Draft Horses






Hitching Three: Creating a Non-Event

three abreast
Doc begins backing the three-abreast of Fjords out of the barn for the first time.
by Jenifer Morrissey
This is the first of two articles on putting three horses together for work. This first article will focus on making it go so smoothly that it’s a non-event. The second article will look at the dynamic dimensions of hitching three by exploring what differed when three different sets of three were put together successfully.

“I want to drive three abreast. I have three well-broke horses. All I have to do is hitch and go, right?”

Quite often, that’s all it takes, just hitch and go. But the dynamics of driving three are different than driving a team or a single horse, and even teamsters experienced with driving teams discover that it’s not necessarily as easy as some make it look. Easing into the project for horses and humans alike sets everyone up for success.

Doc Hammill regularly teaches workshops and private clinics on multi-horse hitches. Before a recent workshop on another topic, a student asked Doc if it would also be possible to learn to drive three. Doc and his partner Cathy Greatorex agreed to add this topic and started preparations for the lesson. Then when two more students asked about the same topic for upcoming workshops, Doc was pleased to have the opportunity to once again share the many dynamics of putting three horses together with a teamster for work. While it’s possible to go and get the experience of driving three horses abreast, Doc’s approach differs. He prefers to give his students a comprehensive understanding of what it takes to turn three horses into one working team, together with their teamster, in a way that is safe, relaxed, and comfortable for the horses.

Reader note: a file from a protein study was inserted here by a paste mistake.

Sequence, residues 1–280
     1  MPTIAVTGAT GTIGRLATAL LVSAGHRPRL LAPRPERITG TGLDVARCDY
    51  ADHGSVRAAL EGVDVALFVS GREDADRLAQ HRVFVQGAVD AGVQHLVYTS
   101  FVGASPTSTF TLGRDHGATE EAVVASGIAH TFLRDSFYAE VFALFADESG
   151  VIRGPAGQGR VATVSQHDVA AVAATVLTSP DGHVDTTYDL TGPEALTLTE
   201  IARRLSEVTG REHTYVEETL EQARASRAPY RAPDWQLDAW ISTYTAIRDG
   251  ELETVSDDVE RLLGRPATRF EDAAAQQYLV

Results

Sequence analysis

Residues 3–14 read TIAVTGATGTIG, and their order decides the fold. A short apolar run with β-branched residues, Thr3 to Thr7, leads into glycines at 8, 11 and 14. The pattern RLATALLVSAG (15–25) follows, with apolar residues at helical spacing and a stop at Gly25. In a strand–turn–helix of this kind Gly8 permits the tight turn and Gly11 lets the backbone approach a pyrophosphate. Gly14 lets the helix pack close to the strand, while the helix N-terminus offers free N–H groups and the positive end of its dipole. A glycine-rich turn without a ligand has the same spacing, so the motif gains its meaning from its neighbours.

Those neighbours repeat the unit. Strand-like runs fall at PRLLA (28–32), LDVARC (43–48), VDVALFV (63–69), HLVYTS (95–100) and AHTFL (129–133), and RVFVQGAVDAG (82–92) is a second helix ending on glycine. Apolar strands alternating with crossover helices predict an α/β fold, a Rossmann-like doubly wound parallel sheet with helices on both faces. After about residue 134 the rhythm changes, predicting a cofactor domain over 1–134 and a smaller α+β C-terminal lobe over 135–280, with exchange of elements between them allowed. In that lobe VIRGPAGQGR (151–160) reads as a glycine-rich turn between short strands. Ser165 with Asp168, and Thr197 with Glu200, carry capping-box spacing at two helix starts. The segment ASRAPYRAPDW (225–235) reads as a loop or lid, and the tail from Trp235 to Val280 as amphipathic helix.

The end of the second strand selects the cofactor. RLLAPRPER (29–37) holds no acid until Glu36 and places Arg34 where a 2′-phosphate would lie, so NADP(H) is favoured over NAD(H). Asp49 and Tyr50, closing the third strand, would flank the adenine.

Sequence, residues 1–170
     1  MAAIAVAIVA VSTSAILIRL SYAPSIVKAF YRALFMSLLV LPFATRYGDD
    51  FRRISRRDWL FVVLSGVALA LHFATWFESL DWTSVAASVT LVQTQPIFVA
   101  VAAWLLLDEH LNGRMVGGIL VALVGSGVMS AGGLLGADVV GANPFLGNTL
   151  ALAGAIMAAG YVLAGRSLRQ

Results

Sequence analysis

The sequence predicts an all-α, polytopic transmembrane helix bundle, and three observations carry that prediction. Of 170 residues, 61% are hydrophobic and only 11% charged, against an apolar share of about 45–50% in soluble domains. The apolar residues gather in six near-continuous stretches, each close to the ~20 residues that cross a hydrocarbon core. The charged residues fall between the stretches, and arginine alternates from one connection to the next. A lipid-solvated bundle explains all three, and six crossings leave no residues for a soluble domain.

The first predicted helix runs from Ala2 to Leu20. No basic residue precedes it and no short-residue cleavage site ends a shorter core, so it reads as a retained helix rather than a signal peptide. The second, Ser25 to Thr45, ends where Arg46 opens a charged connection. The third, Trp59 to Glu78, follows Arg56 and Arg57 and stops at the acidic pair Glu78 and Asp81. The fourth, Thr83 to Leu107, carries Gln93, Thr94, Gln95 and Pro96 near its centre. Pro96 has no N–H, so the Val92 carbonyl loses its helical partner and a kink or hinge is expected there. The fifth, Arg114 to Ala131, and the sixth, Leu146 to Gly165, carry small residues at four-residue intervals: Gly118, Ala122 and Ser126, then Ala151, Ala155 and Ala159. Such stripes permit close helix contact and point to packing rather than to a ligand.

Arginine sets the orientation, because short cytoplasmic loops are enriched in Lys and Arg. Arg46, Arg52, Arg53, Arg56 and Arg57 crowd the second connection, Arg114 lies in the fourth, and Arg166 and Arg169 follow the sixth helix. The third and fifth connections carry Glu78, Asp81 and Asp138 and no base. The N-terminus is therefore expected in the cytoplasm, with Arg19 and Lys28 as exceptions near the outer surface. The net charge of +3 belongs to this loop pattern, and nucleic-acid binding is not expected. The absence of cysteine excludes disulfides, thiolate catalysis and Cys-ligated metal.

For the demonstration in the first workshop, Doc and Cathy decided to start with Cathy’s team of well-broke Norwegian Fjord Horse geldings. Brisk and Solven have been together since they were young and work as a team 98% of the time. For the third horse, Doc and Cathy then chose one of Cathy’s Fjord mares, Aurora. The three were pasture mates, and so were acquainted. While not the head mare in this herd (a Suffolk mare is), Aurora used to be the lead mare in a herd of 40 broodmares so is accustomed to being dominant. Brisk and she have been known to discuss dominance by moving each other around. Aurora hadn’t been hitched and driven for four years, though she had been ground driven a couple of times. They chose her because they wanted to show the process for gradually preparing and testing a horse that was not yet ready to be hitched in a team, let alone in a three-abreast.